Thunder were up next, which I was SO thrilled about. I really do think they have to be the most feel-good band in existence. I’m pretty sure you could go to a Thunder gig without having ever heard of them before, and still have the best time. A Thunder set is a party from beginning to end, and you can’t help but spend the whole time with an enormous grin on your face. The band announced a few years ago that they were retiring, but still got together for the occasional gig. Now they’ve given up all pretence and are working on a brand spanking new album, which is excellent news. Unfortunately Ben Matthews missed Calling because he was undergoing surgery to have his tonsils removed, during which cancerous material was discovered in his throat. He’s taking time off for treatment, but luckily he’s expected to make a full recovery and should hopefully be rejoining the band soon.
Now, if there’s anyone who knows how to really get a crowd going, it’s Danny Bowes. He’s brilliant fun, but also seems like a really genuinely nice person. I don’t think I’ve ever heard anyone say “lovely” quite so much, and certainly not the singer of a rock band! Within seconds he had everyone clapping and waving their arms in the air, joining in with the singing and screaming on demand loudly and often. It was an amazing atmosphere, in fact I think the best atmosphere of the entire day was during Thunder’s set. They kicked off with Dirty Love, which is probably their most famous song, and followed it with belter after belter after belter. Everyone was having so much fun, and you could tell the band were having an absolute ball, it was just brilliant. Of course they included Love Walked In, which is my absolute favourite Thunder track and one of my favourite power ballads to sing along to ever (a high claim indeed). It was such a treat to get to see them again (and to see their whole set after my disaster last time I saw them with Whitesnake and Journey), and I’m so thrilled they’re bringing out a new album. They were a real highlight for me – despite how much I adore Richie Sambora and really love Aerosmith, I’d even go so far as to say that Thunder clinched the ‘favourite set’ banner for me that day. It was tremendous fun all round and they really got the crowd going, I just hope I don’t have to wait too long until I can see them again.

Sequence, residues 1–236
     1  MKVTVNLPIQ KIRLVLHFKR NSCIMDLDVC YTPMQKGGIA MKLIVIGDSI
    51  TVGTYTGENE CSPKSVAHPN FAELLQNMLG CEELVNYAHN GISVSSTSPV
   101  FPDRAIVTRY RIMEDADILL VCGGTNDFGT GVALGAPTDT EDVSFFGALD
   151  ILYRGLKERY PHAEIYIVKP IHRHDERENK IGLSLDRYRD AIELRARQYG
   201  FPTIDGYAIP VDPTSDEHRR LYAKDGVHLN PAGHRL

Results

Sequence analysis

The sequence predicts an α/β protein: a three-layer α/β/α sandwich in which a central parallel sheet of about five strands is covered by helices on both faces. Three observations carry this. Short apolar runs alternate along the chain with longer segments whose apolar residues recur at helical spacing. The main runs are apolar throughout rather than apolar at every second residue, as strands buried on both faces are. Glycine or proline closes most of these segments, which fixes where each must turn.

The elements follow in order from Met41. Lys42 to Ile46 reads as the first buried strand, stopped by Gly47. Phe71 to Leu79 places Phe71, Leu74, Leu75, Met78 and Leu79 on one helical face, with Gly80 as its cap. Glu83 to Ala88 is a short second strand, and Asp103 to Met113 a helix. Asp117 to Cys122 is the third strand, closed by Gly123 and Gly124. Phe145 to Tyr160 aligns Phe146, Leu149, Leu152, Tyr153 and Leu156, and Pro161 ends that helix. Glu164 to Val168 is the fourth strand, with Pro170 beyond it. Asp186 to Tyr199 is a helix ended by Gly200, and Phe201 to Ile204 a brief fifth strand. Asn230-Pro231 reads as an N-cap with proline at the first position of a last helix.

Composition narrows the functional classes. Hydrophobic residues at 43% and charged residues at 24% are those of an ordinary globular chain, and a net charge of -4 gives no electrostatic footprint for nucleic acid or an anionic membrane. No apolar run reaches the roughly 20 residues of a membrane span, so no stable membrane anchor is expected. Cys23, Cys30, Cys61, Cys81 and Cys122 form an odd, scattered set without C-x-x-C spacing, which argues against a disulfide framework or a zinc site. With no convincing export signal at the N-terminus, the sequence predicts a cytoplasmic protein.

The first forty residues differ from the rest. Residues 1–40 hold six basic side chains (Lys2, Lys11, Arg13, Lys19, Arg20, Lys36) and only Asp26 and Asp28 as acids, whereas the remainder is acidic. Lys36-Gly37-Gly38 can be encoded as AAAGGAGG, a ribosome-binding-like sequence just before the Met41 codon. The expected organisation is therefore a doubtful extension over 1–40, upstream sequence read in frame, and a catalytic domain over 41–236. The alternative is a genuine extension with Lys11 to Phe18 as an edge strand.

The atmosphere changed a bit when Joe Bonamassa took to the stage. Thunder had got everyone really hyped up and ready for a party, but it quietened down a bit once Joe started playing. I like Joe Bonamassa and I think he’s an incredible guitar player, but in a way he seemed like a bit of an odd choice for a festival. His music isn’t the kind of thing that a crowd can participate in or interact with; everyone was standing quietly and appreciating his guitar playing, but after Thunder had just had us all jumping up and down it seemed a bit strange. The excitement kind of dropped a level, and while it was really impressive guitar playing, I sort of wonder whether he was given the right billing slot. To me, it would have made more sense to have Thunder following Joe Bonamassa, so that the frenzy was maintained when Aerosmith came on. Instead, everything kind of calmed down during Joe Bonamassa’s set, so that it had to work its way back up again once Aerosmith arrived. Joe doesn’t exactly have the biggest personality either. He didn’t even say anything to the crowd until a few songs in, there just generally wasn’t a big level of interaction. I think he’s a brilliant musician, but it didn’t quite seem like the right time or place for his music to be enjoyed or appreciated in the way it should be (which doesn’t mean it wasn’t brilliant, of course).
Aerosmith were even more over the top than I expected them to be. I’ve seen them before, at the O2 a few years ago, but this time I really felt like I was getting to see them ‘up close’. Joe and Steven made quite a dramatic entrance by appearing at either side of the walkway accompanied by lots of dry ice. They made a lot of use of the walkway which was sideways on to us so a lot of my photos are of their backs, but we still had a really good view while they were strutting about and were a lot closer than I thought we’d be. Steven Tyler was even more flamboyant than I’d imagined. He was wearing all kinds of scarves and drapery, which he kept removing in layers and flinging into the crowd, so that some lucky devils have gone home with his coat (and harmonica!).